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Running Call of Cthulhu for the public


Sir Drum

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I want to run Call of Cthulhu at my FLGS and will probably sign up to the Cult of Chaos OP program.

My dilemma is, with CoC having some pretty hairy concepts, how limiting are recommended age limits and content warnings to introducing people into this amazing game?

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Well, first off, welcome to the board!

CoC does have some pretty non-happy assumptions from the get-go. 'Mankind is doomed and there is no saving it' is kind of a downer.

I'd start off with being up-front with everyone... Call of Cthulhu is a horror game, emphasis on 'horror'. The most important conflict or struggle in the game is holding on to your humanity and sanity while at the same time becoming an effective fighter against the 'devils in the dark'.

How that is received will depend on the campaign you want to run. An 'Innsmouth' cycle might have a very negative effect on a table with a lot of women in it, for example [the forced breeding of monsters aspect]. I'd suggest starting small, maybe a 'rescue a child from cultists' type adventure to give everyone a sense of the game but not getting into the real 'tentacles' yucky part. That will come later 😉

Another suggestion is to find a year to begin the campaign in and do some research on what's happening that year. Who is the popular singer? What theater show is bringing down the house? What movie is all the rage? What are the fashions? What is the latest whizz-bang invention? Another aspect that you will probably want to look into is the firearms laws of the nation you'll be starting in. Ironmongery laws are going to be a lot different the UK than they are in the US.

Many male characters will have had some military experience during the Great War if they're old enough. Most European males have a near certain chance of seeing the Western Front. Characters with extensive combat experience might have SAN damage to start with, perhaps in exchange for skill points in the Soldier profession.

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I think be very cautious. A lot of people can’t handle thinking of Cthulhu scenarios as a game, they would see it as unspeakably horrible, like walking into a party of serial killers revelling in their hideous crimes. And probably try to have you shut down.

if you plan to open your church of starry wisdom, vet the initiates 🙂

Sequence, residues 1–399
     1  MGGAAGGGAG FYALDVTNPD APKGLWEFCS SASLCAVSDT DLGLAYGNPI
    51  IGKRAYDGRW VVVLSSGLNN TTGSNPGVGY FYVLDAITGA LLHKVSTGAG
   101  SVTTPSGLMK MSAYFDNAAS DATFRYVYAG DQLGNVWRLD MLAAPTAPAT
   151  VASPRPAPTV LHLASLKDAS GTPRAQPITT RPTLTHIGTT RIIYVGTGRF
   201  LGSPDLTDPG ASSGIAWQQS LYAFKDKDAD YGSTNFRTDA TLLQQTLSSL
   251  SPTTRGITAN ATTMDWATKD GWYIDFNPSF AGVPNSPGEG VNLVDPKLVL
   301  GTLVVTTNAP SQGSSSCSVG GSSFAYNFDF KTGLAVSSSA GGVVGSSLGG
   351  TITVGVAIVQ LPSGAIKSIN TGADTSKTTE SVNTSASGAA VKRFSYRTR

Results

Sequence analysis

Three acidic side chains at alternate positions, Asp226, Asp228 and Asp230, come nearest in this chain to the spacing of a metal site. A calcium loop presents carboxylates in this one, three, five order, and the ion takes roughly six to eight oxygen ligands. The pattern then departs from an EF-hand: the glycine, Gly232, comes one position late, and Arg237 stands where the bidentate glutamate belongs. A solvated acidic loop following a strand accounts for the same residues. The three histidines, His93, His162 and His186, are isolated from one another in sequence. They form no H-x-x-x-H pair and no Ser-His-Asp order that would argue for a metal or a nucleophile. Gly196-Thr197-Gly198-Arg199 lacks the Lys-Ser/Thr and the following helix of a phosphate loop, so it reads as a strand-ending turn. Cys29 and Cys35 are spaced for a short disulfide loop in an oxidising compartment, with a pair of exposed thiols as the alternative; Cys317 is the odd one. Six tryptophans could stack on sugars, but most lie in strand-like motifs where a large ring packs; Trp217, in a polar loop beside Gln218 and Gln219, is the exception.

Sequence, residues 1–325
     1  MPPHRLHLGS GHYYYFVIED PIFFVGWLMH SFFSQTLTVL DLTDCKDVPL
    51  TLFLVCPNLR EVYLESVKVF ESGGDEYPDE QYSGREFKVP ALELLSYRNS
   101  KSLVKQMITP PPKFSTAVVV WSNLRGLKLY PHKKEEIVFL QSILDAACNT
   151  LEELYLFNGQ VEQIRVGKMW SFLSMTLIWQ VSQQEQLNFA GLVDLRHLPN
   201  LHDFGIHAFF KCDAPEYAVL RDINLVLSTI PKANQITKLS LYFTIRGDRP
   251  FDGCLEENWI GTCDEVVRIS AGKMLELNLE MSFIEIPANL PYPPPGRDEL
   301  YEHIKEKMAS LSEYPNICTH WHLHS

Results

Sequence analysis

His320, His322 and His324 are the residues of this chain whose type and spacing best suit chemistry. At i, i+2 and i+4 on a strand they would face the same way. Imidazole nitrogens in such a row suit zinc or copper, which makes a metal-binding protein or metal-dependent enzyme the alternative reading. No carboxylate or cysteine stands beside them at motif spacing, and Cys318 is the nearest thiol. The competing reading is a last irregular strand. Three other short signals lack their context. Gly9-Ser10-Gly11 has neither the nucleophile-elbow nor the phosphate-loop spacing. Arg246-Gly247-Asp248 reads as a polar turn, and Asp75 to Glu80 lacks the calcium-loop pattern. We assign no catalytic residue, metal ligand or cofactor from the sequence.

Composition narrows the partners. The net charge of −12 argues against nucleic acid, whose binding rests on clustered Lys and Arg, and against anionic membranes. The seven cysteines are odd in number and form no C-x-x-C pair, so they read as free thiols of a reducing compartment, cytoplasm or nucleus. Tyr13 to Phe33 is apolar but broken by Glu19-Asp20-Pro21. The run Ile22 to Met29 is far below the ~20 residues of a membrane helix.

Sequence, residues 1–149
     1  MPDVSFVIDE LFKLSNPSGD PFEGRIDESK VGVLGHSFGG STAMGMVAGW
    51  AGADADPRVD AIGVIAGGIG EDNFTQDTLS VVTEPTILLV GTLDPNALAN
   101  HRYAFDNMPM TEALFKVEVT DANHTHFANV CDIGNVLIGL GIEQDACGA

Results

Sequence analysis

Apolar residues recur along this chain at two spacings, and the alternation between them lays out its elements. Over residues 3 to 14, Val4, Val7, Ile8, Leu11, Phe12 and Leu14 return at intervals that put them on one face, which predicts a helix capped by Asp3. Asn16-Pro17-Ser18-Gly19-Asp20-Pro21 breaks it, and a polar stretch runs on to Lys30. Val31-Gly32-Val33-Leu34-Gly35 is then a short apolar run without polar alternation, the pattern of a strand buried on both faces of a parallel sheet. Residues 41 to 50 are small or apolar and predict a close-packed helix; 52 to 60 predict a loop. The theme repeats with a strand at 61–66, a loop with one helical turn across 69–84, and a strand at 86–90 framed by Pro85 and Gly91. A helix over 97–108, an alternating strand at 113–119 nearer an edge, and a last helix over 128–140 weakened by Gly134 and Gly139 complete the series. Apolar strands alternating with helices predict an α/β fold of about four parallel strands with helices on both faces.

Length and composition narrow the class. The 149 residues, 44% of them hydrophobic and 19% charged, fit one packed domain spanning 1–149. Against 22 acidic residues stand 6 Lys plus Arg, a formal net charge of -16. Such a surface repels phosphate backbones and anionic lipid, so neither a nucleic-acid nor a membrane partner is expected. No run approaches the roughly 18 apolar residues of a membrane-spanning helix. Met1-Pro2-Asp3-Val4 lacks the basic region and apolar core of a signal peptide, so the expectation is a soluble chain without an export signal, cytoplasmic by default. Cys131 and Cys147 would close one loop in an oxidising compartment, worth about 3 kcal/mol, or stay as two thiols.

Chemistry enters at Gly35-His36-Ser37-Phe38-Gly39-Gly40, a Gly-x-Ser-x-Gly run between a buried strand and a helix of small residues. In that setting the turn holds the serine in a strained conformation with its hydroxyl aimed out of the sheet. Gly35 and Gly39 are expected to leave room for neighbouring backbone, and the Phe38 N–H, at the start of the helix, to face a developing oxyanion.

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I tend to run a lot of One Shots at area FLGS and for the last year or so I've also gone back to running them at Cons.

While I run other horror games in addition to CoC I use the same yard stick for all of them. 

1) I only run horror games for Adults, no minors at the table. 

2) I run horror, not a social interaction romance/relationship game.  The object is the horror situation, not acting out a 3 hour tea party.

3) I populate the NPC cast based on the time historical period.  The NPC cast is not there to allow arguments about morality through the modern lens.  The NPC cast is to support the horror by helping players immerse themselves in the period.

4) Horror is horror.  Sanitizing horror turns it into a scary story on Goosebumps.

Make up your own guidelines and be right up front with everyone at the table, if they don't feel it is for them they don't have to play. 

And that is not just to be mean, it is needed for the modern gaming environment.

At a Con I make sure the "adult" and "horror" is emphasized on the sign up sheets.  This is all because of an incident from a few years ago that almost made be give up on cons all together.

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On 9/19/2022 at 10:16 PM, svensson said:

... How that is received will depend on the campaign you want to run. An 'Innsmouth' cycle might have a very negative effect on a table with a lot of women in it, for example [the forced breeding of monsters aspect] ...

n.b. there's plenty of guys who also find this sort of content to be actively anti-fun, stand-up-and-walk-away, etc.

For my wife, Innsmouth would likely be acceptable content; but for her, anything involving trauma to children is a hard-nope (except rescue/redemption arcs, and then only  v-e-r-y  carefully); that includes the horror trope of having children as  part of the problem, to be fought/killed (q.v. Col. Chivington's "nits make lice" -- quoted by Gygax himself to justify LG killing of orc&c babies as both Lawful  & Good).


For a public-facing "open sign-up" game where I was leaning-in on the horrific (which, it's worth noting, CoC doesn't have to do):

  • I would put up a content-warning "This game is a horror game, likely to feature most/all of these:  X, Y, Z:20-form-beast::20-power-movement:.   It would probably be rated "R" for violence & disturbing content, as a movie." on the sign-up/recruitment sheet
  • I would start with a 10-15 minute "mini session 0," (a) reiterating the content-warnings, & (b) covering some safety-tools (such as from Monte Cook Games).

And I would disallow minors.

Edited by g33k
typo
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